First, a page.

FROM THE 30,000-foot view of national politics, Massachusetts looks pretty uniformly blue. It is one of the most reliably Democratic states in the Electoral College, it sends an all-Democratic delegation to Congress. And, despite our affinity for moderate Republican governors, Beacon Hill is now firmly in one-party control.

But zooming in on the map reveals clear political regions within the state. Election maps from governor and Senate races over the past several decades shows the gradual consolidation of red and blue zones. In the 1970s, Massachusetts was a patchwork of red and blue towns. By the 1990s, distinct sections start to coalesce: blue in Boston and its suburbs and in western Massachusetts; between them, a collar of red across central Massachusetts and wrapping north towards the New Hampshire border and down into the South Coast.

These political regions influence public opinion on a variety of issues beyond the ballot box. To illustrate this, we’ve created an interactive map showing responses to several questions from the CommonWealth Beacon poll – from President Biden’s approval rating to views on the migrant crisis – across six distinct regions of the state: west, central, southeast, the outer suburbs between I-95 and 495, the inner suburbs, and cities inside 95 (the old Route 128) and Suffolk County.

The results (toplines, crosstabs) largely track with the partisanship of these regions. Biden and the state’s two US senators are most popular inside Route 95 and in the west, and less so in between. Gov. Maura Healey’s approval shows a similar pattern, with more relative strength in the outer belt of Boston suburbs.

These divides extend to matters of policy as well. Two-thirds or more of those surveyed inside I-95 and 56 percent in the west support housing migrants in the state’s emergency shelter system. Less than half hold that view elsewhere. The most liberal regions are also more likely to think that the state’s policies on abortion and LGBTQ+ issues are a competitive advantage for the state, although the difference is sharper on abortion.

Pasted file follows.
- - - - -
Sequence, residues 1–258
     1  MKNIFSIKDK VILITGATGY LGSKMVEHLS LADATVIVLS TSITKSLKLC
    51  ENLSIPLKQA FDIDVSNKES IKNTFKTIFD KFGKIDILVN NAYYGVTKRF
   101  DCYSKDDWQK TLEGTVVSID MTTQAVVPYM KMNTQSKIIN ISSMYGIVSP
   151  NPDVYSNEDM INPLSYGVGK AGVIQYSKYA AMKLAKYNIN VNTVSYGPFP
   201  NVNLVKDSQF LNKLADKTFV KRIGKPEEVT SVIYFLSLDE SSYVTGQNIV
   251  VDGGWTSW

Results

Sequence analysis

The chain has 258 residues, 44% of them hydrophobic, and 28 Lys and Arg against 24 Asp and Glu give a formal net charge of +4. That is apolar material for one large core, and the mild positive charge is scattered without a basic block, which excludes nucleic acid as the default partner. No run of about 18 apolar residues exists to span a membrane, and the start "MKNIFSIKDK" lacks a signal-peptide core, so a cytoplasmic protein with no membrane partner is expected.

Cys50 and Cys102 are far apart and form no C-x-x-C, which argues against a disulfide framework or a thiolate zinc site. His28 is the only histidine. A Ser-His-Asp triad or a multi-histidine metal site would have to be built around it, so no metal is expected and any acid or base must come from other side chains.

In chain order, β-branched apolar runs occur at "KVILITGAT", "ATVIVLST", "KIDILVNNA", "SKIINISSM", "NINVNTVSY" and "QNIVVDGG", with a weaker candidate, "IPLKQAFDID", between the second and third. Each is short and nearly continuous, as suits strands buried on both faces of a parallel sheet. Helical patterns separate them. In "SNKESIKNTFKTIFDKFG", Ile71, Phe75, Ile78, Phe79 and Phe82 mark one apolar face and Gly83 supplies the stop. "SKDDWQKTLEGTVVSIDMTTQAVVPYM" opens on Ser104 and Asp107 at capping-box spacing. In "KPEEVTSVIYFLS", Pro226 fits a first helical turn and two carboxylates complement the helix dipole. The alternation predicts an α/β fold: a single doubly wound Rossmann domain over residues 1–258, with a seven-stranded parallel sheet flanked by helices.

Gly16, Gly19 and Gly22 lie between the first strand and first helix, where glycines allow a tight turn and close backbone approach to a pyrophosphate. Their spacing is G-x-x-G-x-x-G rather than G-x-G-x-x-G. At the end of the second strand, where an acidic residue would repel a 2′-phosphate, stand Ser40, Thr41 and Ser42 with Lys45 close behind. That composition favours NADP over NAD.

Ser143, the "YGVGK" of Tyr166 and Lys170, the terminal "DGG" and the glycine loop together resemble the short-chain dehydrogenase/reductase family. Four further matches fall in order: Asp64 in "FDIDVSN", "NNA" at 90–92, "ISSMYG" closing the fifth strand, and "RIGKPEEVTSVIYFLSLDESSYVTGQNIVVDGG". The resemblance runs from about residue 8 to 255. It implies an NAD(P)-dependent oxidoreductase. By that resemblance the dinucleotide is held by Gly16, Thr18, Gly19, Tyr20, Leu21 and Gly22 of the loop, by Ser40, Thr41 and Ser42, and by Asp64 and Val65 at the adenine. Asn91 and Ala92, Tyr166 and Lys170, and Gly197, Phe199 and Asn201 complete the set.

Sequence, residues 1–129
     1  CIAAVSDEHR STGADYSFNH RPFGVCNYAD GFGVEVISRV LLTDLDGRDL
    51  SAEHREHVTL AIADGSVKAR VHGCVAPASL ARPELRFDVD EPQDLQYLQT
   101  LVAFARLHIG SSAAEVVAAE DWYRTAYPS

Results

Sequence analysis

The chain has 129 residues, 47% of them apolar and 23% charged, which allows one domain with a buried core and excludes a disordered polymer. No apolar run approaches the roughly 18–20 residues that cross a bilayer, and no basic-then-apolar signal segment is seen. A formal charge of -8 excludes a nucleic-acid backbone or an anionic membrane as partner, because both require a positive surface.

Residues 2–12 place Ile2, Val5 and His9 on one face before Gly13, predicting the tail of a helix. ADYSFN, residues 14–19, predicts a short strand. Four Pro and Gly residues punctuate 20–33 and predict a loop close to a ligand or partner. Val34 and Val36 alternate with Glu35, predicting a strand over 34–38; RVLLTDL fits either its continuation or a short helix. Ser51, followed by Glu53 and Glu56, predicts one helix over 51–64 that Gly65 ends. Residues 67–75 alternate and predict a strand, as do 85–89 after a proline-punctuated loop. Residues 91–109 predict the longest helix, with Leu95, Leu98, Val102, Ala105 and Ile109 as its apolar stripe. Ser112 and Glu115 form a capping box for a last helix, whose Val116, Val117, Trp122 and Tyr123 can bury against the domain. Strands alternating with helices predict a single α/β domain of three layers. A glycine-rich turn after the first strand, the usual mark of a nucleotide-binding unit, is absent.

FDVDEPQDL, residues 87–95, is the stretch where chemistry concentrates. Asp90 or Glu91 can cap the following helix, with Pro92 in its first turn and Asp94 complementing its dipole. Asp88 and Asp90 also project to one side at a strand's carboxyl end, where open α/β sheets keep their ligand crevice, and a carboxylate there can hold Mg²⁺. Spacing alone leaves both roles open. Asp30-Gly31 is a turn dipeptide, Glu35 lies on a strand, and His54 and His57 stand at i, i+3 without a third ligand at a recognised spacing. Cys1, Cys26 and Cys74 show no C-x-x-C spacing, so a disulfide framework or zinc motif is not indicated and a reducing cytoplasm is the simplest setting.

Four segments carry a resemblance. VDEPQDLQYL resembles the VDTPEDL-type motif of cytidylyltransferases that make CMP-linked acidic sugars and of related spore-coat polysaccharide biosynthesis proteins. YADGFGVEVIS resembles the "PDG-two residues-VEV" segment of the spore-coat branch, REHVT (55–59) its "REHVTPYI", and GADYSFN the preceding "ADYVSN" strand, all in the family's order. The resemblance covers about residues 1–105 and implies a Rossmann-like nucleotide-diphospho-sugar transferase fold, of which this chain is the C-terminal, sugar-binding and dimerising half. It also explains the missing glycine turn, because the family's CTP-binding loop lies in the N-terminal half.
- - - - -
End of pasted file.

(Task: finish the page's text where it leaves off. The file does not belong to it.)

The partisan pattern is a little less clear on questions that venture farther away from politics. About half of residents in Boston and its innermost suburbs think the state’s best days are ahead, compared to only 37 percent in the outer suburbs and 31 percent in the southeast region. But central Massachusetts is feeling more optimistic (42 percent), and the West is a little less hopeful than its liberal politics might predict (41 percent).

When comparing quality of life in Massachusetts to other states, it appears that proximity to the capital city may matter more than ideology. Over half of residents in the three regions inside Route 495 think the quality of there is better than in other states. Less than half in the central, southeast, and western Massachusetts sections think so. The map on this question looks more like a bullseye centered on Boston than a map of election results. It’s a reminder that, even in this era of extreme polarization, politics explains a lot, but it doesn’t explain everything.

Richard Parr is senior research director at the MassINC Polling Group.